Here's what to watch for in Giants camp this spring

February 14th, 2024

This story was excerpted from Maria Guardado's Giants Beat newsletter. To read the full newsletter, click here. And subscribe to get it regularly in your inbox.

SCOTTSDALE, Ariz. -- Spring Training has finally arrived for the Giants, who will debut plenty of new faces as they prepare to enter a new era under first-year manager Bob Melvin.

Center fielder Jung Hoo Lee, slugger Jorge Soler, right-hander Jordan Hicks, left-hander Robbie Ray and catcher Tom Murphy are among San Francisco’s notable offseason additions, though the club might not be done making changes as it looks to compete in the loaded National League West.

While the Giants continue to put the finishing touches on their roster, here’s a look at three storylines to follow in camp this year:

1. Is ready to become the everyday shortstop?
Barring a late trade for an established infielder such as the Brewers’ Willy Adames or the Padres’ Ha-Seong Kim, the Giants appear committed to giving the 22-year-old Luciano a chance to succeed Brandon Crawford as their starting shortstop in 2024.

Ranked the Giants’ No. 2 prospect by MLB Pipeline, Luciano has been one of the organization’s most highly touted players since he received a $2.6 million signing bonus as an international free agent in 2018. Still, many scouts outside the organization believe Luciano will eventually have to move off shortstop and shift to third base or right field due to his fringy speed and range.

Luciano showed flashes of his tantalizing offensive potential in his brief 14-game stint with the Giants last year, though he’s been slowed by injuries over the past two seasons, so he’ll have to stay healthy to win an everyday job this spring.

San Francisco doesn’t have much of a safety net behind him at the moment, though Thairo Estrada, Casey Schmitt, Brett Wisely, Tyler Fitzgerald and newly acquired utility man Otto Lopez will be among the options to serve as the backup shortstop this year.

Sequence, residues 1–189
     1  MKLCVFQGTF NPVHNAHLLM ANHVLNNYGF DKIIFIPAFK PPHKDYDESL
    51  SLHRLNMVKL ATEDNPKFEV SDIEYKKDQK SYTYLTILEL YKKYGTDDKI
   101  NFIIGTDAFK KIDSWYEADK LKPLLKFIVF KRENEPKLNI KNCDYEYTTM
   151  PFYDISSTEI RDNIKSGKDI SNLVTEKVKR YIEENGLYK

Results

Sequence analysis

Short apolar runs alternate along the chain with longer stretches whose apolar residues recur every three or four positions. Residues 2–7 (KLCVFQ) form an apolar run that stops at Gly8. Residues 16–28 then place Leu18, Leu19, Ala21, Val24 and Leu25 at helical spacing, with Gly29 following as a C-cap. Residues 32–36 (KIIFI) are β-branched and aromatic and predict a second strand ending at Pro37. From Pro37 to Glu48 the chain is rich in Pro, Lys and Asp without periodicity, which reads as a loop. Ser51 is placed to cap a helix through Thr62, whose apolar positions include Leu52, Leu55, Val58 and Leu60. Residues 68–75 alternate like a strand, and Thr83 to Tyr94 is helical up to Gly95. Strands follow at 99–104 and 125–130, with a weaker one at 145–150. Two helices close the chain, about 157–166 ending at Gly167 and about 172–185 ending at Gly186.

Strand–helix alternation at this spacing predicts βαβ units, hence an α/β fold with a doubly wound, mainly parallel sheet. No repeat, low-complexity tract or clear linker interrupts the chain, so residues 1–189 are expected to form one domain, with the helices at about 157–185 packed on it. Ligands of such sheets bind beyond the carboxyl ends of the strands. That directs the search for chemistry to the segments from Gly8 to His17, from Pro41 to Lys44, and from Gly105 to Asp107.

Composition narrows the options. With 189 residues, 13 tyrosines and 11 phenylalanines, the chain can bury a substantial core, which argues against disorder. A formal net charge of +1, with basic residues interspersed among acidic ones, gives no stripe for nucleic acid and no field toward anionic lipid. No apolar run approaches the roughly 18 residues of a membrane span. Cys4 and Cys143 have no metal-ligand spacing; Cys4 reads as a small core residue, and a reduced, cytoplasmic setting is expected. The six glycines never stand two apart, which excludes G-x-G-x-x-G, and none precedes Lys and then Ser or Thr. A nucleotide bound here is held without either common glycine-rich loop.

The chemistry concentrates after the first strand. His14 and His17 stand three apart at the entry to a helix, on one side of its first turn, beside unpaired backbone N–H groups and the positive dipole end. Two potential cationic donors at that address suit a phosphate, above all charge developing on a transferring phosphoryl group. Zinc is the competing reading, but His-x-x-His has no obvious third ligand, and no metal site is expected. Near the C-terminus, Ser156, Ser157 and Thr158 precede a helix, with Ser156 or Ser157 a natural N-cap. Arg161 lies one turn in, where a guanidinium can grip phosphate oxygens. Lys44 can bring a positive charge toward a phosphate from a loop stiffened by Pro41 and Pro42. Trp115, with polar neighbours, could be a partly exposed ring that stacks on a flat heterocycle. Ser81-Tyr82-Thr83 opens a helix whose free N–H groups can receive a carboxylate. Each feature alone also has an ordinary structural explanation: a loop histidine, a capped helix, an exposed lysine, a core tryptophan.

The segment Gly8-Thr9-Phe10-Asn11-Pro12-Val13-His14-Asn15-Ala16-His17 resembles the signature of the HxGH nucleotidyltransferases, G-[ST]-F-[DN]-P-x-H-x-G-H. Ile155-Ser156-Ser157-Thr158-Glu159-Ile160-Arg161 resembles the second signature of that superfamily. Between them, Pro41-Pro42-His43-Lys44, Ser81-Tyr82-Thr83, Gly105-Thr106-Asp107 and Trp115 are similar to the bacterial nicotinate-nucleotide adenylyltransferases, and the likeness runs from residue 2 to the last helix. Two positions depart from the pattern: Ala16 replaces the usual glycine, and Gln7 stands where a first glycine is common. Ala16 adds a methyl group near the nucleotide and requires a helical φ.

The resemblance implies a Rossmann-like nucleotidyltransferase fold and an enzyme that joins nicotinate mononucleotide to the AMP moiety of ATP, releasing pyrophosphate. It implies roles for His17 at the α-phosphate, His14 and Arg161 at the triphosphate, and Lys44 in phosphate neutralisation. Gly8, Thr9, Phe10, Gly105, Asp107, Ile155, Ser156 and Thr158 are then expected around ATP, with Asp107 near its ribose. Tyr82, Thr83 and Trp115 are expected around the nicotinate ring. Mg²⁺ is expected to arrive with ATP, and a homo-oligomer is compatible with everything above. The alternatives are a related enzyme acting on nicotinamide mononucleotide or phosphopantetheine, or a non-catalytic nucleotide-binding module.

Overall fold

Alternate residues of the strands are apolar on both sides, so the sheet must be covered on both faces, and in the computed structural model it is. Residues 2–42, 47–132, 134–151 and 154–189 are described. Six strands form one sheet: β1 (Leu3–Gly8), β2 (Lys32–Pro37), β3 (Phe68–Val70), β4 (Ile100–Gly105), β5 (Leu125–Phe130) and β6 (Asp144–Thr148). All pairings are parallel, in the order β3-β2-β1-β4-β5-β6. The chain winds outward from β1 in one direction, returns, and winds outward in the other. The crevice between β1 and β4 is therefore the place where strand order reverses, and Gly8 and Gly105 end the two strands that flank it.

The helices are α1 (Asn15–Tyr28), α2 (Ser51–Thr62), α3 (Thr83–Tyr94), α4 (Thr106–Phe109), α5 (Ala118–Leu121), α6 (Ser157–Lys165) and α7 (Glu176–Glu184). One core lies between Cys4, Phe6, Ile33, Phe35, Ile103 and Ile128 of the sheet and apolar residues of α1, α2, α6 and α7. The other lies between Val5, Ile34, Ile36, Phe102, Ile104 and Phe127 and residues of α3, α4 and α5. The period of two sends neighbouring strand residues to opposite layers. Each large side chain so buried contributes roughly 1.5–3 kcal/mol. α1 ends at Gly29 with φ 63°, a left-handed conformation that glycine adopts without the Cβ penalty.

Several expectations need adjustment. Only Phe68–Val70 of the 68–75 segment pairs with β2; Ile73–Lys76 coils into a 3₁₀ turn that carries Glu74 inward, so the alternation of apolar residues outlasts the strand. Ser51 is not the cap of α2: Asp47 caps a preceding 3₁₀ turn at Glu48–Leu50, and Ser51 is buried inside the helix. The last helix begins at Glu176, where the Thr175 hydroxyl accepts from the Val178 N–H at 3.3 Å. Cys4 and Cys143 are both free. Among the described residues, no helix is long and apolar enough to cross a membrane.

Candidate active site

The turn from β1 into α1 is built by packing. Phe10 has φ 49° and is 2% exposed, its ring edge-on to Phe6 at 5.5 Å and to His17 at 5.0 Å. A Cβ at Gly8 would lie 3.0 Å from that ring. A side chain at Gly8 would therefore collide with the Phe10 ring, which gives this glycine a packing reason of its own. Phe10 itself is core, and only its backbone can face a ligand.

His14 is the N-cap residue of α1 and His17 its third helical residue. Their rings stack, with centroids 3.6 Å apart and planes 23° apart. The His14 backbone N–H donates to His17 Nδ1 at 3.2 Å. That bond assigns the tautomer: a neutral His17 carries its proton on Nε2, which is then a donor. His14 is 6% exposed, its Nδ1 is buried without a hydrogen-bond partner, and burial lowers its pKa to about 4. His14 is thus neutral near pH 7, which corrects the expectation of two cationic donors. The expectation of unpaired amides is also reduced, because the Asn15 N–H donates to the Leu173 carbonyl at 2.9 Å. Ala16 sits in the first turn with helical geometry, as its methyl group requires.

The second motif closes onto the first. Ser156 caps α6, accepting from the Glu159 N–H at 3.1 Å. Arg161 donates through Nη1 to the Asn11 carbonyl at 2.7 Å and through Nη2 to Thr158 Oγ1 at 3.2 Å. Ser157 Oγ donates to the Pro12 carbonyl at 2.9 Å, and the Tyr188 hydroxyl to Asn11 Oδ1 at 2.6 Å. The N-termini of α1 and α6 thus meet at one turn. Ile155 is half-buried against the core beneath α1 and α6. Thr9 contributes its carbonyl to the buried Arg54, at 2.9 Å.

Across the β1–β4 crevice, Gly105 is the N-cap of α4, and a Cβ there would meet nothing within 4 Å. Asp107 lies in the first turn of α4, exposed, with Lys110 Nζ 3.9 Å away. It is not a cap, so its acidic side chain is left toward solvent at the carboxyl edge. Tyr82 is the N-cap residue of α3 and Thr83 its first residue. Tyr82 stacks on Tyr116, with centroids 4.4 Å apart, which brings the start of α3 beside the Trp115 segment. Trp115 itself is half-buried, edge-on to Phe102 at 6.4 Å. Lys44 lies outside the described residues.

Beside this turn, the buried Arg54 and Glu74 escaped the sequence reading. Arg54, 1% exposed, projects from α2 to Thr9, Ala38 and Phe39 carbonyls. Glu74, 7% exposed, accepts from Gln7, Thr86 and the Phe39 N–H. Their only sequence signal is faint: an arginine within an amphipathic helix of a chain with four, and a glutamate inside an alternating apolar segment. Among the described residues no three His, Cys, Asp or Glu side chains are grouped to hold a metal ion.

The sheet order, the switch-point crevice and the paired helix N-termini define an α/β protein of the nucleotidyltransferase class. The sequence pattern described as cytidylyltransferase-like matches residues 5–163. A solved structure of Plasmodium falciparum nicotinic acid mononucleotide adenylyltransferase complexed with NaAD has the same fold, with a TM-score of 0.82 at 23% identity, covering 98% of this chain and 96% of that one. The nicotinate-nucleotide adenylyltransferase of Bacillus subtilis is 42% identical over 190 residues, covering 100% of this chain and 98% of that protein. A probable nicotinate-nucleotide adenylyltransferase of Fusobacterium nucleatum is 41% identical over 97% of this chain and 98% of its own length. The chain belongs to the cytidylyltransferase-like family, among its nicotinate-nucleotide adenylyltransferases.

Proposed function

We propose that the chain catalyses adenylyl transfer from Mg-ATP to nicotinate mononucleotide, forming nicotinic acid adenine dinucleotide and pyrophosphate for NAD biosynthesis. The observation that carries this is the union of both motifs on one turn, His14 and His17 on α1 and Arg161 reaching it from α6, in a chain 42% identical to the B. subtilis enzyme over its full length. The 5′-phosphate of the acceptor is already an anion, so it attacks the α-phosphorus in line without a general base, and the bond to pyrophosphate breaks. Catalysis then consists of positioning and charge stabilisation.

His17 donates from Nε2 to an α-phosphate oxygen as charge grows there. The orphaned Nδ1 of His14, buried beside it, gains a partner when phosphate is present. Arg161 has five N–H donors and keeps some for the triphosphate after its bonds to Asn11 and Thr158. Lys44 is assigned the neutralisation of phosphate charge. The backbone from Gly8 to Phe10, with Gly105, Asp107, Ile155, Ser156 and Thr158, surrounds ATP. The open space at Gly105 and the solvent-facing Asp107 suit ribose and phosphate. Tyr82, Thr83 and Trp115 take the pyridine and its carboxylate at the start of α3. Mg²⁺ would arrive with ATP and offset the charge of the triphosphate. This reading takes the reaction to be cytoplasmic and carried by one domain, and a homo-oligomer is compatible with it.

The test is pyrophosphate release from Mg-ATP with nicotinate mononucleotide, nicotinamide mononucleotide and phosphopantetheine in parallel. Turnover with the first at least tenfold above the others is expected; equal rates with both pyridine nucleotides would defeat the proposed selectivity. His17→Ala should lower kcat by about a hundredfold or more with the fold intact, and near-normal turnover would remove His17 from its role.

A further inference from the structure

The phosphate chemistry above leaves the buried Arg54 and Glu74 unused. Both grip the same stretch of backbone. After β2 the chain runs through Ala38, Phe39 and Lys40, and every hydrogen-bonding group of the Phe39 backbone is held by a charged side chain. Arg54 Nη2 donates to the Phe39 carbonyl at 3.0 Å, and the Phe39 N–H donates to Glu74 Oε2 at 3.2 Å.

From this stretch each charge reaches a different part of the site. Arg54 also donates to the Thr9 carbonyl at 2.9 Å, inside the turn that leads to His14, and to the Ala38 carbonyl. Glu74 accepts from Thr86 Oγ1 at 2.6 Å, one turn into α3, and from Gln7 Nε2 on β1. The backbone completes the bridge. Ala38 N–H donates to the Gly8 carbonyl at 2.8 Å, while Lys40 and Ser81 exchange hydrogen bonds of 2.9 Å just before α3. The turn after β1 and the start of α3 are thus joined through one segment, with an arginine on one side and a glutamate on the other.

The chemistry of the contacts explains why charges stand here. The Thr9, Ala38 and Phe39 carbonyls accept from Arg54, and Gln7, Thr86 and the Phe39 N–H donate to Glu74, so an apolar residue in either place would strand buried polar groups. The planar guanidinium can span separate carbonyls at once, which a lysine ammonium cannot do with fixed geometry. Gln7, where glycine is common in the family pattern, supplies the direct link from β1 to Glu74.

2. How will Lee handle the transition from the KBO to the Majors?
Lee, who joined the Giants on a six-year, $113 million deal on Dec. 14, posted an eye-popping .340/.407/.491 slash line during his seven seasons in the Korea Baseball Organization, though he’s likely to experience an adjustment period as he acclimates to the higher velocity from Major League pitchers.

Still, the Giants are confident Lee’s elite bat-to-ball skills will help him develop into a productive MLB hitter and replicate the success enjoyed by Kim, his former Kiwoom Heroes teammate who delivered a breakout campaign for the Padres last year.

"He once told me I will see the type of pitching that I've never faced before in my life," Lee told reporters during a press conference at Incheon International Airport earlier this month (hat-tip to Jeeho Yoo of Yonhap News for the translation). "He said I will have to see it to believe it myself. So I am going to have to be really prepared.

"Since I've never played ball in the U.S., I can't predict how well I'll do there. My primary goal is to make adjustments. Once I grow accustomed to the new league, then I will be able to start carving out my own presence."

3. How will the starting rotation hold up behind ?
Webb returns to anchor the starting staff, but the Giants will be relying heavily on a converted reliever (Hicks) and three relatively unproven arms (Kyle Harrison, Keaton Winn and Tristan Beck) to cover a ton of innings until Alex Cobb (left hip surgery) and Ray (Tommy John surgery) are ready to return to the mound.

Despite their limited track records, Harrison, Winn and Beck each showed promise after making their Major League debuts last year, so they could mark the beginning of a new wave of pitching that’s working its way up through the organization. The Giants have a sizable crop of young pitching prospects in big league camp this spring, including Carson Whisenhunt (No. 3), Mason Black (No. 9), Hayden Birdsong (No. 10) and Landen Roupp (No. 15), all of whom could become rotation options by the end of the year.

“From a pure stuff, makeup and preparation standpoint, we think those guys all have ingredients to continue to develop,” president of baseball operations Farhan Zaidi said recently. “Certainly, breaking in at the big league level as a pitcher is no easy task. It’s especially challenging in the role as a starter, but we still feel really good about our pitching infrastructure, our ballpark, which creates a little margin for error for young guys, and obviously, having Patrick [Bailey] as our No. 1 catcher behind the plate. That all kind of creates a good environment to break in young pitchers.”